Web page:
They even took steps to remove the marks of circumcision, utterly abandoning the holy covenant. They joined with Gentiles and gave themselves over to an evil course.
When Antiochus felt that his own kingdom was fully established, he determined also to take control of the land of Egypt so that he could rule over both kingdoms.
He invaded Egypt with a very strong force, including soldiers in chariots and on elephants, as well as cavalry and a large fleet.
When Antiochus met the Egyptian king Ptolemy in battle, Ptolemy and his forces hastily retreated. Many were wounded and killed.
Antiochus and his forces were able to capture the fortified cities in Egypt and plunder the land.
After he conquered Egypt, Antiochus returned in the year 143. He went up to Israel and entered Jerusalem with a strong force.
With arrogance he went into the sanctuary. He took the gold altar, the lampstand for the light, and all its equipment.
He also took the table that was used for the sacred bread, drink-offering cups, bowls, gold censers, a curtain, crowns, and the gold decoration on the front of the temple. He stripped it all.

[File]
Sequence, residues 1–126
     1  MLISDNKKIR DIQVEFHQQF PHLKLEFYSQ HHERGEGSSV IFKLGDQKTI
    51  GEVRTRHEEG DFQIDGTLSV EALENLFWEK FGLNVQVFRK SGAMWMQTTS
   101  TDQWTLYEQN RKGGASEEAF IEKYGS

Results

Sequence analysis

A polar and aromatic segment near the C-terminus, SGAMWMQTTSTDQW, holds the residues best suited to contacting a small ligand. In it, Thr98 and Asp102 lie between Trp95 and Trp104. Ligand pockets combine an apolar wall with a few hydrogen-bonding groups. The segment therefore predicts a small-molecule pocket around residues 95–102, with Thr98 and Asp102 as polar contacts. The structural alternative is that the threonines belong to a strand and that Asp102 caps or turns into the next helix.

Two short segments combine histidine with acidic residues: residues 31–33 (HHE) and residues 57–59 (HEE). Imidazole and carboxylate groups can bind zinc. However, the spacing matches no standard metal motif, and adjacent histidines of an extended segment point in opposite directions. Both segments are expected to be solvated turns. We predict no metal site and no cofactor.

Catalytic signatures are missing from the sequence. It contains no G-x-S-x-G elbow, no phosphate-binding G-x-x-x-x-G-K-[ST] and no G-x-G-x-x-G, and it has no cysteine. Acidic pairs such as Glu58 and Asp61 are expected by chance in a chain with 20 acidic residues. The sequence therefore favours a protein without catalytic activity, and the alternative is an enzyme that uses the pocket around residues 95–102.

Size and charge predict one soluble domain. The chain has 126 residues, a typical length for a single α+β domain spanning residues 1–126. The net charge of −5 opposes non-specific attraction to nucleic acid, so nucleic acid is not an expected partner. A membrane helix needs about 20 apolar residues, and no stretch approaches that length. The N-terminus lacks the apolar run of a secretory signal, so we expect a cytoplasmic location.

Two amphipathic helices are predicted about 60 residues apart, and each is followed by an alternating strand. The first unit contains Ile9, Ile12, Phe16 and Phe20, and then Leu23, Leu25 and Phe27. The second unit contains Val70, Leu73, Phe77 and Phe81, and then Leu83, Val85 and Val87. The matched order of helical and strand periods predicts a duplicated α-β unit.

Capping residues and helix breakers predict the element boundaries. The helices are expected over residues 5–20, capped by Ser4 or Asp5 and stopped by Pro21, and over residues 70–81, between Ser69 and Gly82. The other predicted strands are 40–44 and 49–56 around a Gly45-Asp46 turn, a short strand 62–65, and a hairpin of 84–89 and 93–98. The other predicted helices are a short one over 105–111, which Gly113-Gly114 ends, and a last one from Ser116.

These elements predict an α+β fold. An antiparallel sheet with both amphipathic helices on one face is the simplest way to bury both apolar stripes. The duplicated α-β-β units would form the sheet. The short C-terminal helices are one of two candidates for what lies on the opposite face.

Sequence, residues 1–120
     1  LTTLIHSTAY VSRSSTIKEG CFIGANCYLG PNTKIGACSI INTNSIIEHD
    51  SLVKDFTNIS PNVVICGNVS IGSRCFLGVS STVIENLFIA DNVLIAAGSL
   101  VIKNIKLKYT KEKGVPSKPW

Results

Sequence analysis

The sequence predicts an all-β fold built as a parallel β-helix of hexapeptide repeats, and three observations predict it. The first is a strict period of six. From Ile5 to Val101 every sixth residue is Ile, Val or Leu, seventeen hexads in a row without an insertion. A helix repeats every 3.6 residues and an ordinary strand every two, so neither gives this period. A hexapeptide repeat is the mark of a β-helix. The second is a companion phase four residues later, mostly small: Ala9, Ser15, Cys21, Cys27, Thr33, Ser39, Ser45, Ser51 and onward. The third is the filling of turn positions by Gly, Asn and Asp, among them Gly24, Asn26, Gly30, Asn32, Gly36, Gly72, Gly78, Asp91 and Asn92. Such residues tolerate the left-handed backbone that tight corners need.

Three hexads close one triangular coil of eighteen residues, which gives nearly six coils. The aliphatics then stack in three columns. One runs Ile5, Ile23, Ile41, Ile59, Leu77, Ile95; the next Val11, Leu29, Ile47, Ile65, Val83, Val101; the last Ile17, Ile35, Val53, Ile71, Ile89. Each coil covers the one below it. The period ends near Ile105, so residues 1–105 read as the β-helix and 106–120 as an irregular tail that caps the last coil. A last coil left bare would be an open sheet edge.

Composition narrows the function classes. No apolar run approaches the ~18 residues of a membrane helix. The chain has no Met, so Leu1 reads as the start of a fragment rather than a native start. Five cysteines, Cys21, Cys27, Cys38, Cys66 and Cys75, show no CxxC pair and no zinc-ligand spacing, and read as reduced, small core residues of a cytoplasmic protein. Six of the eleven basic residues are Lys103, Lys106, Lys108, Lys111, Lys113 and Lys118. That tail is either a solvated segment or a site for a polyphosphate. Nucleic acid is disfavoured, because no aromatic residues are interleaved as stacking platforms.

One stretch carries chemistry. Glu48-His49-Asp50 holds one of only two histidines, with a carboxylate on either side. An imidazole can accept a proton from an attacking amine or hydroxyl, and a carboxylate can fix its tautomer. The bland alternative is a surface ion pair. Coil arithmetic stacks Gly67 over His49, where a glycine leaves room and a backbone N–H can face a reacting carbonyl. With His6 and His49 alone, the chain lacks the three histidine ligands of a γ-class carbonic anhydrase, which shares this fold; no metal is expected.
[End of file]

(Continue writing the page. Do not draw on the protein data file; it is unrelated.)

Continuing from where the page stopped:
He took silver, gold, and costly equipment. He took every hidden treasure he could find.
Taking it all, he went back to his own land. He committed murder and spoke very arrogantly.
Every community in Israel grieved deeply.
Rulers and elders groaned; young women and men became faint. The women's beauty faded.
Every bridegroom was saddened, and intended brides sat mourning in their chambers.
Even the land shook for its people, and all of Jacob's house was clothed with shame.
Two years later, to collect tribute from the Judean cities, King Antiochus sent his chief officer, who came to Jerusalem with a large army.
The agent spoke peaceably and the Jews believed him, but he was deceitful. Without warning, he attacked the city, dealt it a brutal blow, and killed many Israelites.